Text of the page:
Another example is a column in Croatian daily newspaper Jutarnji list by the prominent columnist Inoslav Bešker. Sounding rather cynical, he first threw a shade at the director Evgeny Afineevsky, saying his choice of topic was “a sure hit, if not for a prize, then for titles and reviews” because “the point is to make a movie which will be talked about, so the distribution networks would buy it. Business”. He figured Afineevsky had made a spectacle because a few sentences managed to outshine the whole film. Other than that, he was, above all else, wondering: “Why – in competition with all the problems of social peripheries, with all the world war and humanitarian crises in respect of which the Pope is portrayed in the film Francesco – first the Anglo-American, then the other public, focusses only on the topic of homosexuality?”. In conclusion he criticized the show business aspect of the situation.
Giving background information
The third category was characterized by interpretations of Pope Francis’ words and is a presentation of the background on both Pope and Church doctrine. This category is fairly objective and neutral, and also has the most articles fitting into it.
Most of the articles in previously mentioned media were based on Pope’s statements from the documentary. Almost all media reported that the Pope expressed himself on this matter for the first time since becoming a Pope (e.g. Welt and Süddeutsche Zeitung). In addition, most media only gave basic facts and information about the documentation, for example, the German newspaper Frankfurter Allgemeine Zeitung. They reported how the director, Evgeny Afineevsky, got the material for the documentary.
The way how the analyzed reports are prepared is also striking. On the one hand, a lot is reported about the behaviour of the Pope when he was Archbishop of Buenos Aires. Back then he endorsed civil unions for gay couples as an alternative for same-sex marriage (cf. NBC News). On the other hand, the arguments of the Conservative Catholic Church are considered and presented a lot. TheCongregation for the Doctrine of the Faith is mentioned very often. This is a central authority of the Roman Catholic Church. Its task is to promote and protect the doctrine of faith and morals throughout the Catholic Church.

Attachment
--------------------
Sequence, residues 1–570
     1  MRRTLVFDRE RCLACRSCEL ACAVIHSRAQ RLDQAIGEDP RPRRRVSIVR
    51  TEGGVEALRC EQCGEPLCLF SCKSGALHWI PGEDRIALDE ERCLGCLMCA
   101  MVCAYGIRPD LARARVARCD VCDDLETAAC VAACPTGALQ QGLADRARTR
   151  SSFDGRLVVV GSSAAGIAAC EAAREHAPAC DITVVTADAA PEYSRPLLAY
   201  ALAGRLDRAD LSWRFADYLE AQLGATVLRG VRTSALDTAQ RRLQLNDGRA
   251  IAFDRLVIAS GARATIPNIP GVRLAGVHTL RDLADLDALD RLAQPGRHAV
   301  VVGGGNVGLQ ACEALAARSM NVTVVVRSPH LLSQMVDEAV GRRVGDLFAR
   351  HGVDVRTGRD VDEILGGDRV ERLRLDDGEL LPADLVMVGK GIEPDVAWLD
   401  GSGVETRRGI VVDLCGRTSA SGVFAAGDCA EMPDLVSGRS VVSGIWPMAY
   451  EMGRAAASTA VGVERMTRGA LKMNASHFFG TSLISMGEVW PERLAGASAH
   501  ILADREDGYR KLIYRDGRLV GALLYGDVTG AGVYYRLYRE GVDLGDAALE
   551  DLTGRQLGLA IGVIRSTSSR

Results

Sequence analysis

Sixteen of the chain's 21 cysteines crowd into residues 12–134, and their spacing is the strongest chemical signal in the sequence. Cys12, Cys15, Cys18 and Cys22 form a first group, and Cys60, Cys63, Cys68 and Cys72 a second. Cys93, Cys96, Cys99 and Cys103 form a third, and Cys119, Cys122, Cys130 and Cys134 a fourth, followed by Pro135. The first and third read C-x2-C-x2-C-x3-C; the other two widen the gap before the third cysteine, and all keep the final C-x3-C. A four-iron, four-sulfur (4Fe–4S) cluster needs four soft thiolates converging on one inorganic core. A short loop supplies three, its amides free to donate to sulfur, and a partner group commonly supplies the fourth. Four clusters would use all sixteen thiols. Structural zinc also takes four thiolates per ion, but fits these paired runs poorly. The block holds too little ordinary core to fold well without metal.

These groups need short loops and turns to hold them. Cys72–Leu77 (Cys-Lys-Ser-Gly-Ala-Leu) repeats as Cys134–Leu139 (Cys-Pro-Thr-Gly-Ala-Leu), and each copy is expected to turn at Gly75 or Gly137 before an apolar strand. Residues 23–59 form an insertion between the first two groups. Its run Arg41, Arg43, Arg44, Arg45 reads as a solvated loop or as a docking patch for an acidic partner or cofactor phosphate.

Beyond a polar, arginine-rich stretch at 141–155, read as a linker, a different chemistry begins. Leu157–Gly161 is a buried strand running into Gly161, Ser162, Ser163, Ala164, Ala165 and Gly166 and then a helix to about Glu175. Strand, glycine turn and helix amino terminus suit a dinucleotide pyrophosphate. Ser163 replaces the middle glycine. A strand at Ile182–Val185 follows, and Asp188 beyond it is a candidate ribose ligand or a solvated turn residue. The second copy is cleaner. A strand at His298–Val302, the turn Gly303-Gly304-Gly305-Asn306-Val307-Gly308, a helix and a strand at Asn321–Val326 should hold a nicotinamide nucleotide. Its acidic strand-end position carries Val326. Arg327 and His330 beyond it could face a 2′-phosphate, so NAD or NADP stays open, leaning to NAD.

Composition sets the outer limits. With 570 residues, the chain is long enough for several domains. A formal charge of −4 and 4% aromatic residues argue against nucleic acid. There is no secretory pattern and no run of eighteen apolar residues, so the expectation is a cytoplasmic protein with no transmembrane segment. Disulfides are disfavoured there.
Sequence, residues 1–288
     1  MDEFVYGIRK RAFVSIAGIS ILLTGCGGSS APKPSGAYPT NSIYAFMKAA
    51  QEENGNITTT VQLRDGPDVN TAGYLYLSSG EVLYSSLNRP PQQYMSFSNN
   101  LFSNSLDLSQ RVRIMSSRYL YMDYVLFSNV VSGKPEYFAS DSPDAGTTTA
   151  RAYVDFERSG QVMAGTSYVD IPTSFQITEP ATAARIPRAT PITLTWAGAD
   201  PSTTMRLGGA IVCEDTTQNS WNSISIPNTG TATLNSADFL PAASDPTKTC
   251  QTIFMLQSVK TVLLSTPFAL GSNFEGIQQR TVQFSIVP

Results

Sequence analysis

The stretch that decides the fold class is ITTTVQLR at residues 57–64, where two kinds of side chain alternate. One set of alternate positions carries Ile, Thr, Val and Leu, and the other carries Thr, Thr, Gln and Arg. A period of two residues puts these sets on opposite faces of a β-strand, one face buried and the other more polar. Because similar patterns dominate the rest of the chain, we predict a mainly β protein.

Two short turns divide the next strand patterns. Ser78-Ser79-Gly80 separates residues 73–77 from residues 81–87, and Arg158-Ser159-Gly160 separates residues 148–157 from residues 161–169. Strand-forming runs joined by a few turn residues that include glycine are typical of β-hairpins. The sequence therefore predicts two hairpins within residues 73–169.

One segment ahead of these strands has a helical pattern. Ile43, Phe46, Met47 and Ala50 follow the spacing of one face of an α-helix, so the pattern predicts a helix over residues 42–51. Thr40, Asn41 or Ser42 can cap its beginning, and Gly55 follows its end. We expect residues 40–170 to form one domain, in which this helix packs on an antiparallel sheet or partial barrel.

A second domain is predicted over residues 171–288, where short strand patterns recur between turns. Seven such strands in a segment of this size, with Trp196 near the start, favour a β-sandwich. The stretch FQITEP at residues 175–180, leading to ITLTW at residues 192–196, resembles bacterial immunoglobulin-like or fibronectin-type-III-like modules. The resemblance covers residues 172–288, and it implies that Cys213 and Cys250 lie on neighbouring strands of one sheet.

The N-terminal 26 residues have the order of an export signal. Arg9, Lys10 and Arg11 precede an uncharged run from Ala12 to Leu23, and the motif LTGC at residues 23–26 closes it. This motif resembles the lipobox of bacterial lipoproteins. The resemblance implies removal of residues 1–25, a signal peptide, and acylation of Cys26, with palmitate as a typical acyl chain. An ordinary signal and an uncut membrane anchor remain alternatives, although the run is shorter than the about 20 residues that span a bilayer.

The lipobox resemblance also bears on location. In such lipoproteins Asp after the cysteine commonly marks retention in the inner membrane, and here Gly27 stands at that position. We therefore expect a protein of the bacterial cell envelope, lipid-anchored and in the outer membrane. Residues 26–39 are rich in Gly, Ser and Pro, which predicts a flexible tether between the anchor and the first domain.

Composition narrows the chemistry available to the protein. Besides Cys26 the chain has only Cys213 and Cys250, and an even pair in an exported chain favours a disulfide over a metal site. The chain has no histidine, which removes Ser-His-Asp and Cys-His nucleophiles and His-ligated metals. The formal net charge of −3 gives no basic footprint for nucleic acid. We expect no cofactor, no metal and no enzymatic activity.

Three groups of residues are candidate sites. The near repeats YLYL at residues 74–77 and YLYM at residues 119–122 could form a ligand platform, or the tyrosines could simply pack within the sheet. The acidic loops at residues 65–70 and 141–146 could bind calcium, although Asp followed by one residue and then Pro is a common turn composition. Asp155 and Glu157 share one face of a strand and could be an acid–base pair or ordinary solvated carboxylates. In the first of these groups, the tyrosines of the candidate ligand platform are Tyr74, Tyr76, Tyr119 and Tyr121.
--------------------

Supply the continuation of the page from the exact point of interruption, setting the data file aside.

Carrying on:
A specific sentence from the Congregation for the Doctrine of the Faith from 2003 was mentioned in many reports: “respect for homosexual persons cannot lead in any way to approval of homosexual behaviour or legal recognition of homosexual unions”. In this context, the conservatives emphasize that the Pope’s opinion will not affect or change the thinking of the Catholic Church (e.g. National Review).
The contradiction between Pope’s words from the documentary and Church teaching was often emphasized, just like statements by experts or supporters from both conservative and liberal stances.
As we worked on the media analysis, our colleagues – who were doing a fact-check on the same topic – concluded that the statements made by the Pope in the documentary were taken out of context. Considering this, one could say there was a lot of free PR created for the Pope. And also, given that the documentary itself had its discourse (prone to Pope), it affected the way the media reported on the event from the start.
Leave your comments, thoughts and suggestions in the box below. Take note: your response is moderated.
RESEARCH | ARTICLE © Barbara Sokić, Lorena Mijatović, Feline Schütte
Cross-national fact check by University of Zagreb, HR and Jade University of Applied Sciences, Wilhelmshaven, DE
Also read the related fact check: Mostly false: Pope Francis endorses same-sex civil unions in documentary “Francesco”